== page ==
England's footballers taking a knee at the Euros doesn’t turn Wembley into Westminster | Emma Kay

Booing players who take the knee points to a deeply rooted poison and problem within our country.

Tuesday, 22nd June 2021, 5:38 pm
England and Scotland players take a knee ahead of the UEFA Euro 2020 Group D match at Wembley Stadium, London, Friday June 18, 2021. Picture by Mike Egerton/PA Wire.
England and Scotland players take a knee ahead of the UEFA Euro 2020 Group D match at Wembley Stadium, London, Friday June 18, 2021. Picture by Mike Egerton/PA Wire.

Taking the knee is a symbolic and personal act.

Belligerent boo-ers may brawl and bray over ‘political baggage’ being brought to their precious pitch but they fail to see that football has always been political. And why shouldn’t it be? It’s very a prominent part of our heritage and culture. If you truly believe that football will stay firmly wedged under a rock of odious outdated principles, then I feel sorry for you.

Everything changes alongside us and with us. Nothing is immune to time. No matter how much you cry and shout against progress. The political gesture of taking the knee does not make football any less ‘football’. It does not transform green grass and open goals into Westminster Live. It does not steal away time from the main event. It is simply a mechanism of peacefully protesting against the very real daily discrimination, injustice and inequality. It is entirely laudable and here to stay. Booing such an honourable act that addresses the right of equal opportunities to everyone regardless of skin colour or origin and provide the legal, moral and political equality that we all entitled to is shocking.

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What impact does it have on the players who get booed on the pitch before the match even starts? Care for the players should be just as paramount as caring for the fans. Condemning the reactions should have been swift but the backing up of the boo-ers is an unsavoury reminder we still have a way to go.

We tire of the excuses too. That apparently booing players for taking the knee is ‘not racist’ and simply coded shrieks of ‘anti-wokism’ and combating ‘political correctness gone mad.’ A senior politician refused to condemn fans who booed the players, instead stating that the booing was a ‘choice for them’ adding that calling those who booed racist is ‘unfairly attributing views to people that have been part of a movement – football – that has taken huge strides to reduce racism.’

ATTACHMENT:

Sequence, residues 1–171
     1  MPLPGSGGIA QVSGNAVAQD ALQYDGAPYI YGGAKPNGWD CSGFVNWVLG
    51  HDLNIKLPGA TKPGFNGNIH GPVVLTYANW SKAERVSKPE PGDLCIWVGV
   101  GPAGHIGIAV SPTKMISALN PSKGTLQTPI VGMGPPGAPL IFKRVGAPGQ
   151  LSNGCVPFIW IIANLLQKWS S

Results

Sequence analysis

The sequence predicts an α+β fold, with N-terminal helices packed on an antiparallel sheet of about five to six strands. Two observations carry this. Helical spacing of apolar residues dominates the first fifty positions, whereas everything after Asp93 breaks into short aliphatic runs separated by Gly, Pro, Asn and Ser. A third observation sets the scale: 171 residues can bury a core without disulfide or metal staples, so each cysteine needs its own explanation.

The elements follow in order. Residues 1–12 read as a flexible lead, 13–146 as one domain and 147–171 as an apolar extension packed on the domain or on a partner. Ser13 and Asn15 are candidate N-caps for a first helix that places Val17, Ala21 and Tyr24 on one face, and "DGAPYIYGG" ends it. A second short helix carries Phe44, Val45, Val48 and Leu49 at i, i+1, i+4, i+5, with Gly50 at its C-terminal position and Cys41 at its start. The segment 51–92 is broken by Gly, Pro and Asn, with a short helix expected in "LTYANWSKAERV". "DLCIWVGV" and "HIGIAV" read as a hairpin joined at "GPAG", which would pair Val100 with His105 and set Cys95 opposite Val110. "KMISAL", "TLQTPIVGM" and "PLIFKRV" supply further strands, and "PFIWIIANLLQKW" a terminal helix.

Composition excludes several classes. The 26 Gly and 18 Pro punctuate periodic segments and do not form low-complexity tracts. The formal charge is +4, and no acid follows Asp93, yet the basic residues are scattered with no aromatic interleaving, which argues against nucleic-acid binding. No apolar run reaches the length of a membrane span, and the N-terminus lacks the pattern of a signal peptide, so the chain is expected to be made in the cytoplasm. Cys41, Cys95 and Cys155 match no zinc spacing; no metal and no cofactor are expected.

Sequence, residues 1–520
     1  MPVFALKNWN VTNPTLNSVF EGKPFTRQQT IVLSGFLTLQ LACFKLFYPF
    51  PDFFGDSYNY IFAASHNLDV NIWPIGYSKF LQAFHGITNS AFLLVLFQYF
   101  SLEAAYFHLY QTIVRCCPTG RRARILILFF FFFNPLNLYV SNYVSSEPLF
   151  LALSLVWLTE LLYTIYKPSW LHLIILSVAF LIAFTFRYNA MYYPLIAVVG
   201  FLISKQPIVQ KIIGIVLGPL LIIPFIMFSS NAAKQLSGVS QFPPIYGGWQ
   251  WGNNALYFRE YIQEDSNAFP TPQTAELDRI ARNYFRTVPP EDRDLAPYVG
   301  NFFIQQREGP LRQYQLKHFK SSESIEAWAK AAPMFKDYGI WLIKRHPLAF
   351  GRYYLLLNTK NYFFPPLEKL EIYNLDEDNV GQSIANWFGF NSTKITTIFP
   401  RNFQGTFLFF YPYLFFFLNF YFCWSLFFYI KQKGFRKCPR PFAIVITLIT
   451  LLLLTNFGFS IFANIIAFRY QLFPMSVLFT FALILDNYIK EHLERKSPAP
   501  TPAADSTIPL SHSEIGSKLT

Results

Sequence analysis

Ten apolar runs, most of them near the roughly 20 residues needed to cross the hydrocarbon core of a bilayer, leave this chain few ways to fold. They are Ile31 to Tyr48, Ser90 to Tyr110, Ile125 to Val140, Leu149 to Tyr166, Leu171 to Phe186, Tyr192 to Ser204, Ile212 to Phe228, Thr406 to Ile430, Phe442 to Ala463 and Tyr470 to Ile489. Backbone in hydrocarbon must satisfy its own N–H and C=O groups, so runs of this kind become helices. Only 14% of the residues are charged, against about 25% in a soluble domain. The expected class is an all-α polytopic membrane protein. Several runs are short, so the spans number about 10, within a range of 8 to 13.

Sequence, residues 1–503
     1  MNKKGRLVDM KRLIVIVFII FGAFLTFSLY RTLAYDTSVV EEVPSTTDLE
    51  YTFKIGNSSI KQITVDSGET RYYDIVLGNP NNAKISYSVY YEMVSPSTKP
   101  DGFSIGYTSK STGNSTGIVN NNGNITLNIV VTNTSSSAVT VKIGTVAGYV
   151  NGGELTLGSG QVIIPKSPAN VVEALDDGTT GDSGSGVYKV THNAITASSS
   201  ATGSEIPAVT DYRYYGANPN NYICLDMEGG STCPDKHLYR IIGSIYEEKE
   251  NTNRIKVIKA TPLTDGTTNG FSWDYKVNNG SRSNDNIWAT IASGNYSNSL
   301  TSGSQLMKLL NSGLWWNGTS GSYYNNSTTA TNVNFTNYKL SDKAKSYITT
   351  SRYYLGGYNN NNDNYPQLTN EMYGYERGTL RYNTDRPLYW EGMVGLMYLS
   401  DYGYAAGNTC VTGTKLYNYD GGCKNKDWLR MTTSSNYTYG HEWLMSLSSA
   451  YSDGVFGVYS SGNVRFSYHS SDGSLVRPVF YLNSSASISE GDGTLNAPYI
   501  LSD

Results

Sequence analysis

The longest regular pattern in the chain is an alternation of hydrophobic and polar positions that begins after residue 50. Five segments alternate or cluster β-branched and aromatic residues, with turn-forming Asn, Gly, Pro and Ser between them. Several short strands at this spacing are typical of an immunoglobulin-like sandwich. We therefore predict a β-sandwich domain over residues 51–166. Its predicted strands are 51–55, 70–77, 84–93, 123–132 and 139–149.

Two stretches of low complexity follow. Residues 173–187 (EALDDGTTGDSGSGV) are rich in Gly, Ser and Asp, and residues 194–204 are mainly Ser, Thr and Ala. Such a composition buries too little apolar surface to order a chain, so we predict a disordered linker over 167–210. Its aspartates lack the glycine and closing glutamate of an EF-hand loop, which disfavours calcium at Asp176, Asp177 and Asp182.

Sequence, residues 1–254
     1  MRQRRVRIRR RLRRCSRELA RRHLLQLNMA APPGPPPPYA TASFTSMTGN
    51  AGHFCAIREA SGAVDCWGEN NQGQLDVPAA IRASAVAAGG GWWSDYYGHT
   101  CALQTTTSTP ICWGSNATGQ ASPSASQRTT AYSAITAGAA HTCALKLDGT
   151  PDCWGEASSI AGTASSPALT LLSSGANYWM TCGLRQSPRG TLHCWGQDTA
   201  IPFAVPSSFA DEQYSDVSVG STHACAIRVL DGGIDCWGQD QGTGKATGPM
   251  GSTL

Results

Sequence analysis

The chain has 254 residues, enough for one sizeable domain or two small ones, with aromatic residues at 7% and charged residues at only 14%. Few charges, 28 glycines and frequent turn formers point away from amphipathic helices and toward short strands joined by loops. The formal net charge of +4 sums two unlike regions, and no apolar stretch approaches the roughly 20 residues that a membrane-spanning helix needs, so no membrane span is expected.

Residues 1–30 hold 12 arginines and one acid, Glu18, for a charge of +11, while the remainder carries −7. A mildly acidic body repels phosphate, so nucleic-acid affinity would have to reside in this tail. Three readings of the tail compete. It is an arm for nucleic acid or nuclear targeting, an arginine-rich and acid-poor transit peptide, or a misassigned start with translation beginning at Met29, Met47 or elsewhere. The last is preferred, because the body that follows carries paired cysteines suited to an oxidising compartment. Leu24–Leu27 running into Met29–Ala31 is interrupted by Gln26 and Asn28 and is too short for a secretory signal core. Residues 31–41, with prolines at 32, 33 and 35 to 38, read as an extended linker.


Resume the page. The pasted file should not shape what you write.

This superficial analysis is akin to nothing more than a flimsy shield blanketing booing fans because they are part of the ‘football movement.’ The implication being, how can boo-ers be racist if they go to a football match as they clearly support the football movement which is NOT racist. Therefore such action was a simple ‘choice’ in the name of football.

Not true. Those who boo players who take the knee made that decision as individuals. They decided this was acceptable and is okay. They don’t deserve to be recognised as being part of the ‘football movement’ as collectively, they are an embarrassment to football.

Delivery drivers

The UK’s Brexit exit is putting severe strain on our shopping basket costs.

The Road Haulage Association says that nationwide, the UK has lost 15,000 drivers since Brexit.

Foreign nationals from our European cousins, now made to return home, made up a large quantity of our delivery drivers. During the height of Covid, we saw truck drivers being rightfully hailed as national heroes as they kept our country afloat during its darkest hour. Now the industry is teetering over the cliff.

Fresh produce is being squandered because of the shortfalls. Fruit, vegetables, milk and cheese have to be tossed into landfills, a chronic waste for an increasingly chronic crisis.

By autumn is it inevitable we will see a shortage of everyday products on our shelves. The consumer costs will be colossal. The egg is on the government’s face to sort this problem out but it may already have been scrambled beyond repair.

More than sushi

It is good to see people mastering new food flavours. For instance, Japanese food is so much more than sushi, as nice as it is.

Sakura in Southsea has become a regular rota on our dining experience and is one of the few local Japanese eateries, such as Nara and Otaku.

And what is there not to love? Fabulously fluffy rice immersed in a bowl so large it looks like a porcelain crater. Snippets of beef, pork and chicken all swimming in dark soy sauce accompanied by shavings of carrot and buttery egg.

Despite my best attempts to be culturally woke, chopsticks are forever a challenge and I always reach for the more forgiving spoon to scoop as much into my mouth as humanly possible.

Crispy pumpkin croquettes and small parcels of sushi with seasoned beef cushioned in cucumber and mayonnaise. It’ll be a while before we tire of this tasty Japanese cuisine.